2016 In A Bottle

2016 is now in a bottle. 

The first trading day of the year was the worst on record since 2008 but rather than being due to fundamental issues, it was heavily predicated on the new structures put in place by the Chinese government in an attempt to quell the volatility in their stock market. It was expected that many shareholders who were restricted from selling shares since last summer were expecting to have that restriction lifted. That is now no longer the case. Coupled with that, the government2016 minted a new process that halts the stock market for 15 minutes after a 5% drop and closes the market entirely after a 7% drop. Well, if the market drops 5% and you know that it’ll close if it drops another 2%, what might you do? Sell! This highly predictable behaviour is exactly what happened, pushing the markets to a halt on the day.

Interestingly, despite the lower growth in China and the volatility in world markets on the first trading day of the year, commodities appear far more resilient than one might expect. I see this as an indication that they have been pushed farther below the fundamentals. Also, the U.S. has been a stock safe-haven this year, with returns being delivered by the currency alone. Carefully selecting low beta, high dividend Canadian underdog stocks will likely deliver better opportunities this year than the few tech and pharma stocks that drove most of the returns last year.

This year will continue to be a stock-picking market. Passive investors will likely be disappointed again by holding the broad market. 

Snowbird Update

For those traveling to the U.S., you’d be hard pressed to find anyone with good news on the dollar. As the Saudi and U.S. government fight over oil production and market share the price of oil has been maintained at low levels, resulting in significant earnings cuts on oil companies across the board. In December, Stephen Poloz, head of the Bank of Canada, suggested that he felt that other areas of the economy have strong enough growth to pick up the slack but the commentary is leaning toward continued easing, which translates to lower interest rates rather than higher. That’s a thesis that we will see unfold over the coming months but the likelihood is that the Canadian dollar will drop further before you can expect it to rebound.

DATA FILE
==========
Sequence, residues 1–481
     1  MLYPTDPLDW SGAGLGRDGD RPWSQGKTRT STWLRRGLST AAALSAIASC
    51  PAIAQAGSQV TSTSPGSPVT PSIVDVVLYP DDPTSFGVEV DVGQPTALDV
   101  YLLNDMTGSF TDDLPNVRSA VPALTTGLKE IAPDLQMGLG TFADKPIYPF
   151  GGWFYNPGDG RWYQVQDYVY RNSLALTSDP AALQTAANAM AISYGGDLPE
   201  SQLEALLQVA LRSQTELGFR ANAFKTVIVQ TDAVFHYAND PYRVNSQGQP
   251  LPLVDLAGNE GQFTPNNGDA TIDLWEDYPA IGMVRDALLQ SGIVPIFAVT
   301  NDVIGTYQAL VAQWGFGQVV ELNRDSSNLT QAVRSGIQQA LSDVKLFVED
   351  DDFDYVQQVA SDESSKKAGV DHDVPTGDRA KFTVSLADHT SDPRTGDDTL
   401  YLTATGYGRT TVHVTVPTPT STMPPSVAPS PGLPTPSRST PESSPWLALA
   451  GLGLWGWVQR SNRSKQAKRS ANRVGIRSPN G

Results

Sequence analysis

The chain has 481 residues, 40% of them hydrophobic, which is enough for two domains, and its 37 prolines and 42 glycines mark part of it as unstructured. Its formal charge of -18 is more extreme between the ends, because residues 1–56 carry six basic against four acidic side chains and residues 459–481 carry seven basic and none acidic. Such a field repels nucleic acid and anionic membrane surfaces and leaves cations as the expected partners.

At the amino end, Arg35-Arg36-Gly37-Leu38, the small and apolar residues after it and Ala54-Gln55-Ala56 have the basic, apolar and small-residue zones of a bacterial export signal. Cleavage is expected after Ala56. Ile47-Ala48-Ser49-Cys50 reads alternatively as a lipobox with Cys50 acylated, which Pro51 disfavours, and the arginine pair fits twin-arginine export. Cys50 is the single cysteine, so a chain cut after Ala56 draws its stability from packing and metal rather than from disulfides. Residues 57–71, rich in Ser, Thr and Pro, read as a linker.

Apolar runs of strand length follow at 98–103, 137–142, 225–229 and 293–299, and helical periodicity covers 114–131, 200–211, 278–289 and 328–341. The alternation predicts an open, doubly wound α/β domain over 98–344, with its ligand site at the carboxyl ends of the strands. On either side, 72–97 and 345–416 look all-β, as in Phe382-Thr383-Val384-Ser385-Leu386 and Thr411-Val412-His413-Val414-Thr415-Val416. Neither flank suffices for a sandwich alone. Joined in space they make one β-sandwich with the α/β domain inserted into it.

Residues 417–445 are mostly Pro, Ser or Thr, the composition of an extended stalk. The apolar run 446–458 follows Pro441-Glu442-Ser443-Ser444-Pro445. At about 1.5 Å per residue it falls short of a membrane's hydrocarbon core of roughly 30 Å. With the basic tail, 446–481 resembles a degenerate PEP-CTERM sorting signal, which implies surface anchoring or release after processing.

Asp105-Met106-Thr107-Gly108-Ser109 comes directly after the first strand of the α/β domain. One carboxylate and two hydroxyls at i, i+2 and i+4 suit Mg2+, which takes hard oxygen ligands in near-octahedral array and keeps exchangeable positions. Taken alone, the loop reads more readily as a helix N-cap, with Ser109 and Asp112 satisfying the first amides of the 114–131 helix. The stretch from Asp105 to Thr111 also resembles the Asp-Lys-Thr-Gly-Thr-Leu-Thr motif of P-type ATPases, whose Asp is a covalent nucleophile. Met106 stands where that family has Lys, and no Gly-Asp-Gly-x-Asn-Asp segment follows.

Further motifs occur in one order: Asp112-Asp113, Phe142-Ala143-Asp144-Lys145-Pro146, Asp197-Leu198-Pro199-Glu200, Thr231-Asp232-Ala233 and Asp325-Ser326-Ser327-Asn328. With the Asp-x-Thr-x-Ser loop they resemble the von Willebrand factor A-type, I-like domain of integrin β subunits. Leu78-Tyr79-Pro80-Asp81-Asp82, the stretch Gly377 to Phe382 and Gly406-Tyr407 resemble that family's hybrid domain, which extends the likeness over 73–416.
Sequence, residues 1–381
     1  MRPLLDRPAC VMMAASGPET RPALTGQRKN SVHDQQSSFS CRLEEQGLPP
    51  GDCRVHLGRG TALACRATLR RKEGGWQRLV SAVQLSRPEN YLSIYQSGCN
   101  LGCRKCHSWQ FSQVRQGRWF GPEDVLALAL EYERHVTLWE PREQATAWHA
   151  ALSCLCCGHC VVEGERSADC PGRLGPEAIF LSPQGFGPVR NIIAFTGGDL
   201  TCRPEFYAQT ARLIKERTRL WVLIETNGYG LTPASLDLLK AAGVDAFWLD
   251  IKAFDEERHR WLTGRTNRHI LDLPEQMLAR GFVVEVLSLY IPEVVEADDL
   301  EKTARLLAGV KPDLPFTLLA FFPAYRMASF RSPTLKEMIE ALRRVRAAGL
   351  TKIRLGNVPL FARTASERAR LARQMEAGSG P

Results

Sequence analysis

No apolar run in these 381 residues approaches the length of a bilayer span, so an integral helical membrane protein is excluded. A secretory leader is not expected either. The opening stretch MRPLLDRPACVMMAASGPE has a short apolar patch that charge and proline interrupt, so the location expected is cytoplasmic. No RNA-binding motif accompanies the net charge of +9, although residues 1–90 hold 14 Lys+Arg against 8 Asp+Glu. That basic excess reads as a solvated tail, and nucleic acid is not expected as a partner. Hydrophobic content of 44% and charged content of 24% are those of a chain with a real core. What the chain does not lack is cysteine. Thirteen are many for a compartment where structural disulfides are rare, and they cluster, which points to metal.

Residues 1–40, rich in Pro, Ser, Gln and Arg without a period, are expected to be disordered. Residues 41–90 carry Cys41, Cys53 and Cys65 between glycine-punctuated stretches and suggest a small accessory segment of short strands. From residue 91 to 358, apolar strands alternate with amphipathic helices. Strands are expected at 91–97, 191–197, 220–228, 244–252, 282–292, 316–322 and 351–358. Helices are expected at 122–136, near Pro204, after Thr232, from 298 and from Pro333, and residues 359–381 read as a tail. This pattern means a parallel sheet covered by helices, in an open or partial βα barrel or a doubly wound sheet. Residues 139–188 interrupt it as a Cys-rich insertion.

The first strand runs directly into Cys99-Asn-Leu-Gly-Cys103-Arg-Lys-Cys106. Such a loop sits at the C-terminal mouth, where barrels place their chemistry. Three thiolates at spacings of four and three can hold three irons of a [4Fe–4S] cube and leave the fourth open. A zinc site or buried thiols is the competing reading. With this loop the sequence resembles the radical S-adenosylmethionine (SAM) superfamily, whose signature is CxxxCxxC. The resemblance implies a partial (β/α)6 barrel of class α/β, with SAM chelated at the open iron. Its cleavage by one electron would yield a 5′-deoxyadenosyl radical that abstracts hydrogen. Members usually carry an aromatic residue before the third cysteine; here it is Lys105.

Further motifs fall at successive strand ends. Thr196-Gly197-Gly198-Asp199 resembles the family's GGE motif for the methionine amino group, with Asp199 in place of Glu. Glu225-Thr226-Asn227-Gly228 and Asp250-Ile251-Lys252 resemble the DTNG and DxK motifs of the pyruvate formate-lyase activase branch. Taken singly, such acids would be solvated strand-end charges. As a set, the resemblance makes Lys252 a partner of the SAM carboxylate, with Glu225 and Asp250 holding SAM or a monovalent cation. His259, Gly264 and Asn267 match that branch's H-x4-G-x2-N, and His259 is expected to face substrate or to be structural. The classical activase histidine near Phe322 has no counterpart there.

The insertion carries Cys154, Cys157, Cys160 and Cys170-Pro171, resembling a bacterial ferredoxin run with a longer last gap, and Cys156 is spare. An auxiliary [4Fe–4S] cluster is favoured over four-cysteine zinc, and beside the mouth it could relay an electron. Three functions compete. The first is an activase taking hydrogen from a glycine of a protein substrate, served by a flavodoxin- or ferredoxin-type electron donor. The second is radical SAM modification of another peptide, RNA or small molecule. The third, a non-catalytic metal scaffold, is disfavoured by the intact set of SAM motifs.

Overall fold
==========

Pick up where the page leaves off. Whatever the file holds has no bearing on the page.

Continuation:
Do You Have Enough Money?

As a complimentary service, we analyze the impact on your retirement income given your wealth, plans, objectives and various economic simulations, and email your expected retirement income confidentially to your home computer or by mail to your home. Contact us at coreen.sol@cibc.ca

Happy New Year!

Looking back on 2015, there is only one thing you can say: “It was the year of the Bear!” S&P/TSX dropped from 14,632 to 13,009 (down 11% and over 18% drop from its peak) while the S&P dropped 1% over the year; the Canadian Dollar fell from 86 cents to 72 cents (down -16%); crude oil tumbled from $53.27 to $37.04 (down 30%); and even gold slipped from 1,184 to 1,060. The only reason that the asset allocation models show positive comparison returns was due to the amount allocated to U.S. cash!

Tax Money in Your Pocket

For all portfolios, we took advantage of the tax loss selling season by moving between similar securities and repositioning in order to sell low, buy low and reap a tax loss. Tax losses can be carried back to any of the three prior tax years to reclaim money paid on capital gains. Most of our clients who paid capital gains in 2014 will be able to file an amendment and have money paid last year returned to them. You will be receiving a ‘Realized Gain/Loss’ report in the next few weeks, as part of your tax package with details on what you will be able to claim on your taxable accounts.

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